Enterprise organizations are taking security awareness to the next level. Knowing that even the best technology can only successfully repel a potential cyberattack 90-93% of the time, it is now a mandate of many companies to give employees the training and education they need to prevent them from clicking on something they shouldn’t. Having seen remarkable success in behavioral-based cyber training programs, many are also looking beyond their digital perimeter and providing similar education to members and customers.
These new methodologies are capable of drastically reducing human error-related breaches using an approach that involves understanding the psychology of each learner and providing training to which they can relate.
This is particularly important as phishing and other scams grow in sophistication. Organizations are increasingly looking to customers and members as partners in the pursuit of reducing attacks which have exploded into more than 6 trillion dollars in losses annually.
Human Behavior as a Strength
For a long time, the human factor has generally been spoken of as a “weakness” or “vulnerability” in the defense of an organization’s network. But some are beginning to frame it differently.
“I think humans can be a great strength in cybersecurity,” explains Kin Lee-Yow, Chief Information Officer of the CAA Club Group (CCG) the largest automobile club in Canada. “And a strong cybersecurity defense is crucial not just on an enterprise level, but for people at every level.”
CCG, which admittedly is “obsessed” with the safety of its more than 2.5 million Members, discovered that many of them don’t know where to turn when it comes to learning about online safety. According to a study they conducted, 62% of Members know someone or have personally experienced a privacy or data security breach. One-third personally experiencing a breach thought it could have been avoided with better awareness and education.
“If everybody were more knowledgeable and better trained on what to look for from these cyberattacks, then I think overall the hackers would have less success, and that would probably discourage at least some of the activity,” says Lee-Yow.
Recently, after seeing great success with its employees, CCG decided to unveil a new program that gives Members in Ontario and Manitoba free access to a web-based, personalized cybersecurity education platform.
“We’ve seen how this can really make a difference in how people behave, and so we thought, why not offer it to our Members so they can improve their online safety as well,” adds Lee-Yow.
A New Psychology
In an effort to foster a security-aware culture among employees, there has been a shift in thinking. Instead of using generic, one-size-fits-all lessons, the new method focuses on educating the right person at the right time in the right way to instigate change in behavior.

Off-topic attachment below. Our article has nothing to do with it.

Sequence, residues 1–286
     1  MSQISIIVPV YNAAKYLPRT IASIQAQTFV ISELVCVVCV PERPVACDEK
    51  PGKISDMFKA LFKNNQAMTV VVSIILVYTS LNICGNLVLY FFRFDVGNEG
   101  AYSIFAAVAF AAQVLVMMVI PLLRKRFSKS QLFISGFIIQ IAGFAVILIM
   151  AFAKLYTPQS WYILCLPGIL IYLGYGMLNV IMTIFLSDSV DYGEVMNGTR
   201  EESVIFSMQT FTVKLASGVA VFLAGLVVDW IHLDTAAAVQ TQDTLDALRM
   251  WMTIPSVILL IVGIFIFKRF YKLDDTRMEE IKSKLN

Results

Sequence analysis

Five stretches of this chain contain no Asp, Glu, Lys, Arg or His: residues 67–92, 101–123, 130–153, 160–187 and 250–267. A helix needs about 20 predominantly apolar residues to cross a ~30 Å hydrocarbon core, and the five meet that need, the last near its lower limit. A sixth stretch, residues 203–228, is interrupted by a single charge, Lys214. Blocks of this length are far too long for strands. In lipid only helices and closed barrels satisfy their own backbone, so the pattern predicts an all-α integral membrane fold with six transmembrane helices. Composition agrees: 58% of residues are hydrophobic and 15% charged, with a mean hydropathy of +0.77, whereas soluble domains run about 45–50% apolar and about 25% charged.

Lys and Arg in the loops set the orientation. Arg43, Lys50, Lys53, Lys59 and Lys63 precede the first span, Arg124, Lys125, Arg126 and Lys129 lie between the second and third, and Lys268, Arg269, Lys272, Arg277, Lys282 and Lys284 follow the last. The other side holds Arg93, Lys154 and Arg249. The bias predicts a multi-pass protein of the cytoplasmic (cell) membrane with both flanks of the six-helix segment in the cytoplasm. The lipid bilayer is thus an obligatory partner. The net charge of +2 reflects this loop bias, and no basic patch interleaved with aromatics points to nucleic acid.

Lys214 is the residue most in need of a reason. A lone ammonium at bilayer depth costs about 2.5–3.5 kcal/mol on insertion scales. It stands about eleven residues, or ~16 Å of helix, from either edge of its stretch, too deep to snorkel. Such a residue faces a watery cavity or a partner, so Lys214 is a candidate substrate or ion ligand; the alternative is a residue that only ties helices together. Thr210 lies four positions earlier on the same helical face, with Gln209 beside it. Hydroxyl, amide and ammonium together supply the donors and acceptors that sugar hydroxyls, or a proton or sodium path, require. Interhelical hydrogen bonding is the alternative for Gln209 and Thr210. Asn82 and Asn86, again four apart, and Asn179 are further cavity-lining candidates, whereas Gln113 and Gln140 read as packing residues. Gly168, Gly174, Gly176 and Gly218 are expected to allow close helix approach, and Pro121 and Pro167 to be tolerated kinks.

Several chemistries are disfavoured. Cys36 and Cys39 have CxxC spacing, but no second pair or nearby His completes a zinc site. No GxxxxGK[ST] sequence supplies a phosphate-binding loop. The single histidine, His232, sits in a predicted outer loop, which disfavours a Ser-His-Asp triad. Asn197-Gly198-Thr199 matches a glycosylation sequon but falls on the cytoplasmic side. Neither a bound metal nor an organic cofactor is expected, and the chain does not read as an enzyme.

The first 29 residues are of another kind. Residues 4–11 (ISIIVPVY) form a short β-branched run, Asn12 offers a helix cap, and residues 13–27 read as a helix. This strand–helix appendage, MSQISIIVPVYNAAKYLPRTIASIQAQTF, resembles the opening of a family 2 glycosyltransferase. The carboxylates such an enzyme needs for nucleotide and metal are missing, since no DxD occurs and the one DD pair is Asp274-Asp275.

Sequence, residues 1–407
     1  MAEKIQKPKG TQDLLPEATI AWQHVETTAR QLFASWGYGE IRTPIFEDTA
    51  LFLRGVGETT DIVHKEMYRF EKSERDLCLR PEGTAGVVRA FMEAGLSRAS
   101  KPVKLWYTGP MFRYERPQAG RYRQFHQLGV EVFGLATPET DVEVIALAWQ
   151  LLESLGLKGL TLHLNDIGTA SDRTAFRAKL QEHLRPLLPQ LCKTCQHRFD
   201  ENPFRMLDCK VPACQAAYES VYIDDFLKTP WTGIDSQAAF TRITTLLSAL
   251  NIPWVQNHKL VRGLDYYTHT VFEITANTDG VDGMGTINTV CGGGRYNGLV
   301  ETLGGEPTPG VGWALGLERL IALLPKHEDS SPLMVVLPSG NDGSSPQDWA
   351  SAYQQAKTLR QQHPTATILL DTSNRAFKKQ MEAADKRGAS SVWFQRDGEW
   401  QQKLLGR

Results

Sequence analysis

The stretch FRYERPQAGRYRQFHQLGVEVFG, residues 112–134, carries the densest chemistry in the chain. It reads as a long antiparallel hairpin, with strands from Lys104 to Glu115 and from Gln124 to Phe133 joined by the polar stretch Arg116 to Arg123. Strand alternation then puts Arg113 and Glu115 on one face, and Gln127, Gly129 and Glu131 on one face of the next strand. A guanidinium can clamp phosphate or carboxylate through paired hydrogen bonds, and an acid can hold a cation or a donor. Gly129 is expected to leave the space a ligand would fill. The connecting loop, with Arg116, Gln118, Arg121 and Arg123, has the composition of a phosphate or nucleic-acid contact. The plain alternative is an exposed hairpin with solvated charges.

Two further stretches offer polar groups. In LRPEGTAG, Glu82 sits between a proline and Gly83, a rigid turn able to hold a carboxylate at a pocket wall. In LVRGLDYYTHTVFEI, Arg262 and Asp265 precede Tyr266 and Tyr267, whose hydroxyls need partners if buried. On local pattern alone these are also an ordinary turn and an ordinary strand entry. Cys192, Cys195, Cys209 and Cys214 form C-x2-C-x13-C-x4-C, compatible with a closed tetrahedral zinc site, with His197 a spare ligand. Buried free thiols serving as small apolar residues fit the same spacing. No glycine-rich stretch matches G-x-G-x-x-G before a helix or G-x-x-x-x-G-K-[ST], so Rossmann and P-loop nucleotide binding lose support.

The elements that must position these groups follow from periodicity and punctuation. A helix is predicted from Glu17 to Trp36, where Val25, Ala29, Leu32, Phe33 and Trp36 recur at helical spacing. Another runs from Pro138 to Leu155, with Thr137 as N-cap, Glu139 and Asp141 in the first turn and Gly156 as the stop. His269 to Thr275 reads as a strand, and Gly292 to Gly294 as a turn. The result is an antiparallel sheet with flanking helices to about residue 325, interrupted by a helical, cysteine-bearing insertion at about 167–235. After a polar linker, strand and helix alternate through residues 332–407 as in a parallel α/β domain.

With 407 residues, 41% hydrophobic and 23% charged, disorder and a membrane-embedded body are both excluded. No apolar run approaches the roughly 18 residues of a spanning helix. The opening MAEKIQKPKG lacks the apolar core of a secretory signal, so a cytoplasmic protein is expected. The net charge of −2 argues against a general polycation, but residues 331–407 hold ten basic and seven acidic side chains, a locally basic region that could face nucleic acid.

“The first step in the cyberconIQ training we use is to understand your personality profile,” explains Lee-Yow. “Do you tend to follow rules or are you maybe a little bit of a risk taker? Everyone is going to be vulnerable in different ways. So, the training has to match up with that.”
Based in York, PA, cyberconIQ was one of the first companies to merge psychology, cybersecurity, and machine learning to develop a customized approach for each employee. By providing awareness of key motivating factors that drive underlying online employee behavior, companies can greatly reduce the chances of someone falling for a scam and compromising the network.
“I think these companies are beginning to understand that if they have members or clients, they have at least some responsibilities to help protect them as well,” says Jessica Gutierrez, director of learning design and development at cyberconIQ.
The Paradox of Enterprise Security
Large corporations and financial institutions are both the most secure as well as the most vulnerable to a cybersecurity attack. This can be explained by the fact that these organizations typically deploy the latest security technology to protect their perimeter yet are only as secure as their least-aware employee.
Of particular danger are the increased instances of phishing, which the 2022 IBM X-Force Threat Intelligence Index noted makes up 41% of all attacks. With the previously mentioned 7-10% gap in one’s firewall that technology simply cannot close, there is a 100% statistical probability that every employee will eventually come across some form of novel threat – be it in an email, chat, or weblink. They will need to identify it as such and know how to best deal with it.
Ultimate Goal: Raise the Bar
The inclusion of customers in an awareness program has additional advantages. For example, it can protect or even improve a company’s reputation. It can also prevent the business from being attacked by a third party with lax security. The notorious Target security breach of 2013 occurred when a vendor fell for a phishing email; the thieves were able to access Target’s network through the vendor’s account.
“Our Members told us they wanted help in better understanding cybersecurity,” remarked Lee-Yow. “We felt we could fill this gap by offering relevant and timely training.”
This is part of a strategy to combat phishing and hacking on a larger scale; the hope is to thwart attacks by making as many people as possible aware of bad habits by educating them in a way that actually changes behavior.
“The fewer people that are susceptible to cyber criminals, the better for all of us,” Gutierrez concluded.